The housing affordability crisis is here – with mortgage rates continuing to rise (See the lowest price you can qualify for here) simultaneously with housing prices. So – as part of ours series where we asked prominent economists and real estate experts about their entry into the housing market right now – we spoke with Nadia Evangeliu. She is a senior economist and chief forecaster at the National Association of Realtors (NAR), and focuses on local and regional market trends, including the impact of changing Demographic and migration patterns. She also specializes in research and analysis on local housing affordability conditions and solutions to increasing housing stock. Here are her thoughts on the current housing market.
The outlook is for mortgage rates to rise further
Mortgage rates for 30-year fixed loans hit around 6% in June, up from more than 3% a year ago, according to Bankrate data. The upside momentum will continue, but not at such a rapid pace, Evangeliou said: “I don’t expect to see the kind of strong gains the market did in March and April. It looks like like mortgage rates already priced in some of the impact of the upcoming Fed rate hike,” Evangelou said.
Some buyers may want to consider an ARM
Given the current market, Evangeliou said some buyers should consider getting an adjustable-rate mortgage instead of a fixed-rate mortgage. “If they plan to sell or refinance in the next 5 years, a 5/1 year ARM might make more sense as the ratio on these remains below 4.5%. So for an average-priced home, the monthly mortgage payment is about $300 less than the payment for a 30-year mortgage,” says Evangelou. You can view the lowest mortgage rates you can qualify for here.
There are signs that the market is cooling down
Both mortgage rates and rising home prices hurt the affordability of many buyers. “As a result, existing home sales have fallen over the past four months. I expect home sales to drop more in the coming months, especially after the summer months,” said Evangelou.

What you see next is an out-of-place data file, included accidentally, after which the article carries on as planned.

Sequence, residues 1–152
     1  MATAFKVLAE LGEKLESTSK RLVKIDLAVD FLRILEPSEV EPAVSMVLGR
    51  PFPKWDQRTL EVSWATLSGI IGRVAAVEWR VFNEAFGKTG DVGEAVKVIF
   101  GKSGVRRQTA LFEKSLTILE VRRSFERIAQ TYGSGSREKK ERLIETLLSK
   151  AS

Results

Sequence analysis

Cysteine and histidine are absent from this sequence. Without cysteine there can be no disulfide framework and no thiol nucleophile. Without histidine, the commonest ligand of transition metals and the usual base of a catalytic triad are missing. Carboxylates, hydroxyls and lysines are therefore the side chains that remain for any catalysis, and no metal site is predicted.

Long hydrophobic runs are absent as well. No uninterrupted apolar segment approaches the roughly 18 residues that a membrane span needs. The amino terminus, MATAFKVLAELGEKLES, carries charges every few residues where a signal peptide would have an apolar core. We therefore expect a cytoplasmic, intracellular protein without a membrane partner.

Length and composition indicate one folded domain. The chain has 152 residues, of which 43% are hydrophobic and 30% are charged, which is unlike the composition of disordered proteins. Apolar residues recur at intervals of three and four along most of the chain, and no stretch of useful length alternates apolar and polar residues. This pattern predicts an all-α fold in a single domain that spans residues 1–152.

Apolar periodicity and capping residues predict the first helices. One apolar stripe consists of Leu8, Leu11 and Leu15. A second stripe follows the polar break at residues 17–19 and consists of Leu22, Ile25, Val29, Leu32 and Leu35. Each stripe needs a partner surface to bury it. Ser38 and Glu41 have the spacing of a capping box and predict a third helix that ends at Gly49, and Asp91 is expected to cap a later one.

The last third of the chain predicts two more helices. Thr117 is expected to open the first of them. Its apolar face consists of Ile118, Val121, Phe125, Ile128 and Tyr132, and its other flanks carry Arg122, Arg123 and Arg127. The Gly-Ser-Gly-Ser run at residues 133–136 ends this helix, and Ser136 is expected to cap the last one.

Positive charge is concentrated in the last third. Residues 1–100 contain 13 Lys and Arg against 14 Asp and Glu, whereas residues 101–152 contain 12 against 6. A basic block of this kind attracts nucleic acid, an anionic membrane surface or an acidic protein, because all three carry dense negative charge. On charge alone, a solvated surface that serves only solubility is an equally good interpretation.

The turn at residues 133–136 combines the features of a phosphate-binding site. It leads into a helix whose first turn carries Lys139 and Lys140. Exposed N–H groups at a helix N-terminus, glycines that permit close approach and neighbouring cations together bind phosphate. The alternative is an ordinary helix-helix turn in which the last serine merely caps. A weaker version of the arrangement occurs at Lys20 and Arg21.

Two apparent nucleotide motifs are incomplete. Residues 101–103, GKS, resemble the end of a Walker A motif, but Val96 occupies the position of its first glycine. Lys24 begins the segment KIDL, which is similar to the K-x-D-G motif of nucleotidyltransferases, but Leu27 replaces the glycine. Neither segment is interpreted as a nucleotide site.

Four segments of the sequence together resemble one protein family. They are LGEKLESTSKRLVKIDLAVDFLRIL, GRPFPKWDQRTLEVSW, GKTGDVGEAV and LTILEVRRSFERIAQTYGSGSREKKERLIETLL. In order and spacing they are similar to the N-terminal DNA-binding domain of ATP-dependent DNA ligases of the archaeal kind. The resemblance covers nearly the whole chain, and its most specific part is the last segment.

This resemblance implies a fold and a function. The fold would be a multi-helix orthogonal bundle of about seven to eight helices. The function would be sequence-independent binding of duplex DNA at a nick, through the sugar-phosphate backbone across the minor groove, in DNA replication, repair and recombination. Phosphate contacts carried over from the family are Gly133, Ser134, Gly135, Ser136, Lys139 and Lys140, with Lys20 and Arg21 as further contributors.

And buyers are being priced out of the market. However, not all homebuyers can afford these additional homes. According to Evangelou, buyers making $75,000 can buy about 25,000 fewer listings than they did in January.
Institutional buyers can increase competition for first-time buyers
With rising mortgage rates hurting affordability, more and more people rent, and due to low inventory, rents are soaring. “For institutional buyers, this is more profitable. However, a larger market presence of institutional buyers increases competition in the market for first-time homebuyers. Research has shown that institutional investors may be taking a significant portion of homes that would otherwise be sold to lower-income and first-time buyers,” Evanagelou said.
House prices will continue to rise but at a slower rate
“Due to a shortage of housing, home prices won’t fall in 2022. Keep in mind that when there’s a shortage of homes, home prices don’t fall, in fact, home prices rose about 15% in May, even though the mortgage rate was about approx. two Evangelou said.
Inventories are increasing
There are about 20,000 more homes for sale to buyers making $200,000. “Despite the promise of seeing more homes on the market, there is still a need for more entry-level homes,” Evangeliou said.